Wood. Use signs to direct visitors to their entrance, employees to
their entrance and deliveries to that entrance. Place signs in
strategic places that note the area is monitored and that security is
on site. "You'd be surprised how effective a security tool a sign can
be," Wood states.
Separating employees from visitors is a key element of any perimeter
security program. Wood strongly suggests receiving visitors to your
facility away from your manufacturing or processing areas. "Visitors
shouldn't be in those areas unless they have received proper security
clearance and are escorted by employees," says Wood. "Don't allow
visitors near sensitive areas without good reason." And try to keep
visitor parking outside your secure perimeter.
If your facility has multiple buildings, it can be relatively easy to
separate employee entrances from visitor entrances. In the case of a
software manufacturer with one building, or several floors in a
building, that can be more difficult, but not impossible. "Have one
place, near the door or perimeter of the offices, where visitors
report. Try to have another entrance for employees, but if that's not
possible, have a badge or ID system that does not allow entrance to
interior offices without proper credentials," says Wood.
Employees could be one of your greatest security advantages or
disadvantages, says Wood. Employees will realize a stranger is on site
almost immediately, but it's what they do about it that can make or
break your perimeter security program. Do they report the visitor, or
do they hold open the door and allow full access to your facility?
"It's human nature to see someone struggling with packages and hold
open the door for them. But it's bad security policy," says Wood.
"You can have great perimeter security - high fences, barricades,
stopping and searching incoming delivery trucks, ID checks for
everyone - and still allow a former employee to enter because you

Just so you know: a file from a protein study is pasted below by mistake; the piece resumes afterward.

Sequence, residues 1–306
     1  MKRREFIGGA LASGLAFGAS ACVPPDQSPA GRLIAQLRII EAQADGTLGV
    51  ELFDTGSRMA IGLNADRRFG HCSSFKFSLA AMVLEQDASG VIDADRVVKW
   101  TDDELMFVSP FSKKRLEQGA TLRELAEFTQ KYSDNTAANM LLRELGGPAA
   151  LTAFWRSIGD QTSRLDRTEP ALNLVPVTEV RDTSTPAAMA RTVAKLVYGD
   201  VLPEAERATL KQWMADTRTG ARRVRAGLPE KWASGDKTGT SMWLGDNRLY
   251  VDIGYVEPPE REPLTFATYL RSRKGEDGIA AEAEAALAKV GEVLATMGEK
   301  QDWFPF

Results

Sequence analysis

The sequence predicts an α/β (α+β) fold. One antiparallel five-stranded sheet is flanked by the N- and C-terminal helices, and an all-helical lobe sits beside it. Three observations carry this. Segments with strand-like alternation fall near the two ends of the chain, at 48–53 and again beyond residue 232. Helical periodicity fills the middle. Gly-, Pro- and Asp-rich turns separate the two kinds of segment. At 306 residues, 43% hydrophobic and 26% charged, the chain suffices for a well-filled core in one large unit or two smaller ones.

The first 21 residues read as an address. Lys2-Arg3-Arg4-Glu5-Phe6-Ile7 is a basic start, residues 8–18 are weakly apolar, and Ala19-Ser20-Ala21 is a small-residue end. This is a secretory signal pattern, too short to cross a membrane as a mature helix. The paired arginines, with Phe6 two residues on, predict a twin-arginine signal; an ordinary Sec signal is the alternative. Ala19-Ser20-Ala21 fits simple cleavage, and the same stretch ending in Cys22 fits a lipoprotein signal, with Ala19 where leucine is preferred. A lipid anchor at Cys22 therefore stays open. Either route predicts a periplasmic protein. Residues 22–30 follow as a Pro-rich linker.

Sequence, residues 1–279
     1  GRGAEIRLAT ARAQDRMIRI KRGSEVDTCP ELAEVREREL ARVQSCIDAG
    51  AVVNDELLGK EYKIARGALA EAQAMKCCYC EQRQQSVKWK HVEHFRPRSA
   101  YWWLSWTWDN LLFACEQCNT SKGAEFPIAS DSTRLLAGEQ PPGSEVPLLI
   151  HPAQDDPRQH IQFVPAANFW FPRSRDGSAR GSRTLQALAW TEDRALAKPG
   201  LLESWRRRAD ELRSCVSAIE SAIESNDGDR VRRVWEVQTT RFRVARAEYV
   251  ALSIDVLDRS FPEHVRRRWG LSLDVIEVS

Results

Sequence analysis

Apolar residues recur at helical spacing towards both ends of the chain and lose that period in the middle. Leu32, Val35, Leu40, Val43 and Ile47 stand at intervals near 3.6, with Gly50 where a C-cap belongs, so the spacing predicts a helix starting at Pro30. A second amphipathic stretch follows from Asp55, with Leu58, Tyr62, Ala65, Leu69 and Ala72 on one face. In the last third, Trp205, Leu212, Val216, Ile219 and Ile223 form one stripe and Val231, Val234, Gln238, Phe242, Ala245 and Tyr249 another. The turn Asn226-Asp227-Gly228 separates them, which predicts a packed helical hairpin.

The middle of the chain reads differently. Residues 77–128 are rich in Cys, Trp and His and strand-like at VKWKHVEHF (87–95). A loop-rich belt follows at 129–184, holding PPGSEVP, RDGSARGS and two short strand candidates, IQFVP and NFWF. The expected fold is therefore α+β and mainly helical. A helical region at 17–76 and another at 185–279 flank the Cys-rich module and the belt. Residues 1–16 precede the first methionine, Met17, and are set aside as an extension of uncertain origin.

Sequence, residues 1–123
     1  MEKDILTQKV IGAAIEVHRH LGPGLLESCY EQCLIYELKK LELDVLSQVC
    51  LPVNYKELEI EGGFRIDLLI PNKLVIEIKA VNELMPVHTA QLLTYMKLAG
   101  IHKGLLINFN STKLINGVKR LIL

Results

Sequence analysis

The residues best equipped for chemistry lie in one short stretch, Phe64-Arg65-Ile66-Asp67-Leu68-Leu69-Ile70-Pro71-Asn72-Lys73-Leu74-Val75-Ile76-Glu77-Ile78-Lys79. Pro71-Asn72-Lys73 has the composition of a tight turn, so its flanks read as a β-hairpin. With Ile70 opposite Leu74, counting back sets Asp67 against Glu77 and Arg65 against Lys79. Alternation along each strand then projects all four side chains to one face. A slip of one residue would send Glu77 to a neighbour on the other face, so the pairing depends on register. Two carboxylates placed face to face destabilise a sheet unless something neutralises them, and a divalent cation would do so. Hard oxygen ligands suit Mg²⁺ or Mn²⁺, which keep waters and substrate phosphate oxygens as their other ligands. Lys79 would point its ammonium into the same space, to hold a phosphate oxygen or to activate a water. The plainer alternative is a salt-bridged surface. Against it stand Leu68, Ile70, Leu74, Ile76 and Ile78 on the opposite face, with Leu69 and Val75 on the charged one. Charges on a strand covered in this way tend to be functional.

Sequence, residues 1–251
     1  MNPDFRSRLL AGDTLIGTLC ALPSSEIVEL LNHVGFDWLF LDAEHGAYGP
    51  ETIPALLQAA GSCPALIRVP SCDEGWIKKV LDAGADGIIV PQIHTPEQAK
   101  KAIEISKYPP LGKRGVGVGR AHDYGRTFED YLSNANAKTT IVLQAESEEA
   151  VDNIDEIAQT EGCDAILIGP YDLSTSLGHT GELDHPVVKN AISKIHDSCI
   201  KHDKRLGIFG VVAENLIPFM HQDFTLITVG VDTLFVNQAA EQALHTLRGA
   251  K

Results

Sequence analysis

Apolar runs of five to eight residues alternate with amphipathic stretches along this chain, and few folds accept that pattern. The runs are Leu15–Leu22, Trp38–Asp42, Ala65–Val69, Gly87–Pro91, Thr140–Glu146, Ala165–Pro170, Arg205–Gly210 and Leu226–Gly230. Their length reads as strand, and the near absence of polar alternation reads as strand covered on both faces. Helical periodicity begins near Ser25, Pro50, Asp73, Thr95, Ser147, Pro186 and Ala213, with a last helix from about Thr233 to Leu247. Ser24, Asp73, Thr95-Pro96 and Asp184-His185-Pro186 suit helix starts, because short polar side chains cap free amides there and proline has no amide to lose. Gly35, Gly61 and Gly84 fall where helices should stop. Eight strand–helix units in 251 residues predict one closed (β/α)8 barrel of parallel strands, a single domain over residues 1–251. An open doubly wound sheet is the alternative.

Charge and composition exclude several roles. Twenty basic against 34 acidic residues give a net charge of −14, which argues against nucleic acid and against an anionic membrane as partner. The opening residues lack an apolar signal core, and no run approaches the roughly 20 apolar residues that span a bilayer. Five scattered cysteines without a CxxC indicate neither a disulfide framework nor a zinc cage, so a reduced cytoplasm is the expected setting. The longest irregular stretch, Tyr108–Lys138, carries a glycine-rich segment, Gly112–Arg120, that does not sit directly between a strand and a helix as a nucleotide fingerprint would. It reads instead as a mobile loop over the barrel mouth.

never got his ID badge back," says Wood. It can be these types of
lapses that can cost you everything.
Wood says he'll go out to a client who has good policies in place and
will ask him, "Who controls the keys to the building? If an employee
is dismissed, do you re-key the building?" The client will say that
the maintenance department handles that. The maintenance department
says, "We don't have anything to do with that."
"We'll ask, 'How many master keys are there to the building?'" says
Wood, "and the client will say, 'I don't know.' It could be that there
are dozens of master keys out there, and not all of them belong to
The solution, says Wood, is to make employees active participants in
the perimeter security program by offering security awareness
training. Have guidelines for employees about what they should do if
they see a stranger walking around unescorted or without proper
credentials. Instill in employees the idea that all visitors must go
through proper channels and should not be allowed to walk through an
open door. The security systems are in place to not only protect your
facility and technology, but employees as well. For their own safety,
they need to follow security policies.
"Some companies think that if they invest a lot of money in
technology, they will solve their security problems," says Woods. "A
camera, even a very good camera, never caught anyone doing anything.
It's just a tool used by security personnel who can receive the
message, assess the problem and direct a response."
"Physical security is the first step in a perimeter security program,
but your employees and security personnel can make or break your
program," he adds.